The hallmark of any sports team isn't based on the flurry of punches they throw but how they pick themselves up after hitting the canvas in the opening round.
The Central Districts went down for a five-wicket count to the Auckland Aces in New Plymouth last Sunday. But yesterday the William Young-captained Stags showed they had cleared their heads and found their legs to clobber the Northern Districts Knights by 85 runs in Whangarei in round two of their one-day Ford Trophy campaign.
For CD coach Heinrich Malan it was simply a reinforcement of sticking to the script, something they had badly strayed from at Pukekura Park.
"We didn't have any memorable partnerships at the top and we had no batting depth to lock up 15 to 20 overs in a one-day game but in this game we've done that," Malan said after Young won the toss and elected to bat as CD posted an asking total of 334-8 from their allotted 50 overs.
Black Caps see-you-later batsman George Worker fell four runs shy of his ninth A-List century but still brought up a milestone 4000 career runs (in amassing 60 runs) in the limited-over domestic cricket competition.
Worker, 28, of Manawatu, faced 115 balls in 162 minutes, carving up 11 fours and two sixes.
But spurned former Black Caps veteran Jesse Ryder carved up his 11th List A century when he scored 107 runs at No 3, at almost a run a ball (106), during his 143-minute occupation of the crease.
Ryder, 34, of Napier, found the boundary 10 times and lofted the ball over the ropes three times.
"Jesse played really well and George was unlucky not to get a hundred as well but they showed that on a really good batting surface, if you spend some time out there, you can put some good runs the board and put us in a position to apply some pressure on the opposition," said Malan, adding that type of cricket was an endorsement of the CD brand.
The pedigree among the Stags was such that despite hiccups they were adept at hauling themselves back into the slipstream of Big Mo.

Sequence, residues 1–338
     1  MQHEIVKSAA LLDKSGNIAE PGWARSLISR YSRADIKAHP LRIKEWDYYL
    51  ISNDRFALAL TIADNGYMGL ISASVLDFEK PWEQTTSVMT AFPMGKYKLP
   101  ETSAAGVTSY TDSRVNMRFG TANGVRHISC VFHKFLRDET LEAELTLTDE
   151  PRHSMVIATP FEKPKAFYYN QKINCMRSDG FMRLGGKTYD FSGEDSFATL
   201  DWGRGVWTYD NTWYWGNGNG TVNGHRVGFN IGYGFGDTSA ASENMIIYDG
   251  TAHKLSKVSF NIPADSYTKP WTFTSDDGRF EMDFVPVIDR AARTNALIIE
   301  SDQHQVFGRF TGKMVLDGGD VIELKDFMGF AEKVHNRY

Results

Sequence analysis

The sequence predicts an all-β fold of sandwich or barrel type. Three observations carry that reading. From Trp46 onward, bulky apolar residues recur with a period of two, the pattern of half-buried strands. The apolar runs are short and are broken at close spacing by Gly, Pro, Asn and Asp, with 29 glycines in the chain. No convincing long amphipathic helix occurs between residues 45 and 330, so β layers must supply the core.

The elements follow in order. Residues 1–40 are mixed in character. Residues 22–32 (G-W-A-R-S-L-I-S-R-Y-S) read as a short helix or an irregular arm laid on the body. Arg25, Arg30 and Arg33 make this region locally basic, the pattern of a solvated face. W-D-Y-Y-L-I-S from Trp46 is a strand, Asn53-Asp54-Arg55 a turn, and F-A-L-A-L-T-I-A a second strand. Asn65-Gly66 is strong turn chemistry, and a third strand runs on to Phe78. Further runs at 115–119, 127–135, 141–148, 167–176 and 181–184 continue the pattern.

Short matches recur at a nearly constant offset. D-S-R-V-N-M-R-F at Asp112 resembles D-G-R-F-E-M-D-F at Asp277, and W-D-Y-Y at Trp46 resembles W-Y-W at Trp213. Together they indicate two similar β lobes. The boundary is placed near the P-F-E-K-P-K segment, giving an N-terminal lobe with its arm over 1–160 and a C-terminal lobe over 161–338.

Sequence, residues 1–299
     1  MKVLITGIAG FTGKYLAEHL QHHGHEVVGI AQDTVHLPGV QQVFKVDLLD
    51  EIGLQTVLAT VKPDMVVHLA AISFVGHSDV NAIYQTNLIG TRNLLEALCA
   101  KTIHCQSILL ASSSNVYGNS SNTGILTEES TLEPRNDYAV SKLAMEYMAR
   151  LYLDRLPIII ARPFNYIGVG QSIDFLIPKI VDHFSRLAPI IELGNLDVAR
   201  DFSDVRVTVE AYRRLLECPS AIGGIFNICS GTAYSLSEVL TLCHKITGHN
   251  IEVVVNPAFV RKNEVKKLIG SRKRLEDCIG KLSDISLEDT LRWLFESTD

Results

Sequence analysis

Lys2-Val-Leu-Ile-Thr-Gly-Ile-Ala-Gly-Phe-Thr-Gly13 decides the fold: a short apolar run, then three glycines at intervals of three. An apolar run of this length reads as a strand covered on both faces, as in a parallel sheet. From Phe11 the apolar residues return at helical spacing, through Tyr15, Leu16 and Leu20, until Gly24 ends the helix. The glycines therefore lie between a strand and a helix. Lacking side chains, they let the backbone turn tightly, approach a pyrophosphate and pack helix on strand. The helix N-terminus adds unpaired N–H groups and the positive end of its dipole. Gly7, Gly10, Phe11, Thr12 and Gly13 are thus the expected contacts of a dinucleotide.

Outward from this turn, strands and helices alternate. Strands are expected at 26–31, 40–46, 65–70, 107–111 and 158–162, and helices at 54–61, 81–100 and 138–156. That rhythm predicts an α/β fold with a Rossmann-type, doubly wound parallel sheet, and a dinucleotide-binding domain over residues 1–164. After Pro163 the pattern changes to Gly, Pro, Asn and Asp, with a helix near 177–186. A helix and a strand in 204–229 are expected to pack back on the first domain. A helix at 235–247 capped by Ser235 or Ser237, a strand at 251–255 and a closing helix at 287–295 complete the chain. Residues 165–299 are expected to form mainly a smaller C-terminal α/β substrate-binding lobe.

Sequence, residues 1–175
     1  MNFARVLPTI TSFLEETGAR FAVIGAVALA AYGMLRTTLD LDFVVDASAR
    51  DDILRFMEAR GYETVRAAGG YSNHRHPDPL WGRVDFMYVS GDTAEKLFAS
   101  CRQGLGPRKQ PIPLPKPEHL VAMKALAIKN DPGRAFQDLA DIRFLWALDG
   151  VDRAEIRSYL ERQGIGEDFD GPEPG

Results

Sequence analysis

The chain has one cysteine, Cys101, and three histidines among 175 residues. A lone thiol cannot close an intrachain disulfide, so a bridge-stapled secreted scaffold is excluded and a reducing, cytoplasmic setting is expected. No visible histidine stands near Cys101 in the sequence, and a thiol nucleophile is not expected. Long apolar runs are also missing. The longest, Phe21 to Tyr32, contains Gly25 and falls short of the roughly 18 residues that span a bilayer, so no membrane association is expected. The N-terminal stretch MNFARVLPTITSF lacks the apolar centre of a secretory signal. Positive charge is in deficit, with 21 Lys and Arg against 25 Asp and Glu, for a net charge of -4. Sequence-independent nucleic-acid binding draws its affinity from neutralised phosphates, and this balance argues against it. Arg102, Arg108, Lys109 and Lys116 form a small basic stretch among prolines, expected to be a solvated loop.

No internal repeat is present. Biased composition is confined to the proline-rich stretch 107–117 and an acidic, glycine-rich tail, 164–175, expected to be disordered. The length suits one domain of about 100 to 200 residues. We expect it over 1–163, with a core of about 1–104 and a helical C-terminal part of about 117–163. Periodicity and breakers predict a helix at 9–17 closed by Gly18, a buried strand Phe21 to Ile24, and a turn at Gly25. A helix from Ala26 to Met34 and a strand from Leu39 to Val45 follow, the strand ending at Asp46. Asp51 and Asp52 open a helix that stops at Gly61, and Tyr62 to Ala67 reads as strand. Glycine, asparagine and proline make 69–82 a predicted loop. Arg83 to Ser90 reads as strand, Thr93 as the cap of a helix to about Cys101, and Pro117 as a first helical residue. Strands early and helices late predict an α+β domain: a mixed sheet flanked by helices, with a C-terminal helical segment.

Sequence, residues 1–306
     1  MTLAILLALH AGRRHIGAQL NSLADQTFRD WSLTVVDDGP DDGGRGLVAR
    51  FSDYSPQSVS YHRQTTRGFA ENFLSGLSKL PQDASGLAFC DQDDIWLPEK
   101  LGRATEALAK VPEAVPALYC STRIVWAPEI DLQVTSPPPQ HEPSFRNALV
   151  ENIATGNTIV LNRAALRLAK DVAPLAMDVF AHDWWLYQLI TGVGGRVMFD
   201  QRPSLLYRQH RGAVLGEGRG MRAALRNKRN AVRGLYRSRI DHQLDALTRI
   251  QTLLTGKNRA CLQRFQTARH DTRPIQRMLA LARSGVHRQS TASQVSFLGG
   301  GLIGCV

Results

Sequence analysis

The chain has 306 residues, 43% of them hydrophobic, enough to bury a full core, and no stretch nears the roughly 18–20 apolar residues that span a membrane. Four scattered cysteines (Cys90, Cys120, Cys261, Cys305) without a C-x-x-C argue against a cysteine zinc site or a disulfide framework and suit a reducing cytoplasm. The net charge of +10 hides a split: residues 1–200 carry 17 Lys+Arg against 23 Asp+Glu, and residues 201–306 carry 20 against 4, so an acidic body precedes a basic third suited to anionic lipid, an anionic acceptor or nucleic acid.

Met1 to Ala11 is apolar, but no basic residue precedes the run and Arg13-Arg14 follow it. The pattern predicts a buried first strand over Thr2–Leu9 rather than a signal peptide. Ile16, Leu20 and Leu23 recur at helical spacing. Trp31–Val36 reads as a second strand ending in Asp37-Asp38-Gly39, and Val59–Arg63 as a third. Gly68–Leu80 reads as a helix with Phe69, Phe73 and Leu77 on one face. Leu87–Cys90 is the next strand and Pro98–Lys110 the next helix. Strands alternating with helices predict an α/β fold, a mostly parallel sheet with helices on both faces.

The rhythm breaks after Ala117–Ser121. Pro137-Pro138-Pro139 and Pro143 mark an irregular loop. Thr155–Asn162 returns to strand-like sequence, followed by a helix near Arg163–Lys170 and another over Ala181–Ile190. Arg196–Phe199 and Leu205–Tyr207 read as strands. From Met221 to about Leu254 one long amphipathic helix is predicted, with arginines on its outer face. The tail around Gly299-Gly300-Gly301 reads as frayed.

"They both batted at almost the 100 per cent strike rate but we also had a couple of cameos at the back end," Malan said of ex-Black Caps allrounder Doug Bracewell, who scored a lusty 43 from 20 deliveries before falling prey to ND legspinner Ish Sodhi.
Worker and Ryder, he stressed, were the epitome of consistency, with the former showing it for the past four years while the latter's figures needed no translation.
That sort of temperament, he suspected, was likely to rub off on the likes of Joshua Clarkson.
Malan said that was the sort of attribute CD were encouraging before the glitzy Burger King Super Smash T20 starts on Sunday next week.
The Knights had lost too many wickets and, when they forged a few starts, failed to go on, thanks to Black Caps fast bowler Adam Milne, seamer Blair Tickner and spinner Ajaz Patel as they were skittled for 249 with 41 balls to spare.
Daryl Mitchell (52 from 57 balls) and Sodhi (44/28) raised ND hopes, especially after they went after Patel, who went for 23 runs in the 37th over, and part-time spinner Worker for 13 runs - but Tickner put an end to that sort of carry-on.
Malan said that was always the scenario for teams desperately chasing down daunting targets so he expected CD bowlers to adjust to that.
"It's a bit of a learning curve for those two boys. Jazzy is pretty new in the white-ball environment although he's been around in the red one and has done well in that format [four-day Plunket Shield]," he said, adding the T20 cauldron would test the mettle even more.
He gave a thumbs up to Milne for taking eight overs in his stride to boost his load.
The Stags, who are unbeaten in the four-day competition, host the Otago Volts in round three at Pukekura Park this Sunday before the T20 starts.